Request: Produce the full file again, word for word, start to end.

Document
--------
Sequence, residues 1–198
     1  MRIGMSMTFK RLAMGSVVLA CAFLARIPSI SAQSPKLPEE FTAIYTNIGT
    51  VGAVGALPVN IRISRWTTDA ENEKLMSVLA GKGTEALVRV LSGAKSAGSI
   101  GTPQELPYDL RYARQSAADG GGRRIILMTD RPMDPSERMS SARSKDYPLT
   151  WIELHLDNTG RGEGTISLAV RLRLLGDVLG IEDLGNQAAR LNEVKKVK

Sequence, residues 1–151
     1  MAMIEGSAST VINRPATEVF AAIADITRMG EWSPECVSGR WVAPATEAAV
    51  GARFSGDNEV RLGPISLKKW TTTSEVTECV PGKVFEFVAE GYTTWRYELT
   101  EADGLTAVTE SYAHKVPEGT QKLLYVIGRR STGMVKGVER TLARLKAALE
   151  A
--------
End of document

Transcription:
Sequence, residues 1–198
     1  MRIGMSMTFK RLAMGSVVLA CAFLARIPSI SAQSPKLPEE FTAIYTNIGT
    51  VGAVGALPVN IRISRWTTDA ENEKLMSVLA GKGTEALVRV LSGAKSAGSI
   101  GTPQELPYDL RYARQSAADG GGRRIILMTD RPMDPSERMS SARSKDYPLT
   151  WIELHLDNTG RGEGTISLAV RLRLLGDVLG IEDLGNQAAR LNEVKKVK

Sequence, residues 1–151
     1  MAMIEGSAST VINRPATEVF AAIADITRMG EWSPECVSGR WVAPATEAAV
    51  GARFSGDNEV RLGPISLKKW TTTSEVTECV PGKVFEFVAE GYTTWRYELT
   101  EADGLTAVTE SYAHKVPEGT QKLLYVIGRR STGMVKGVER TLARLKAALE
   151  A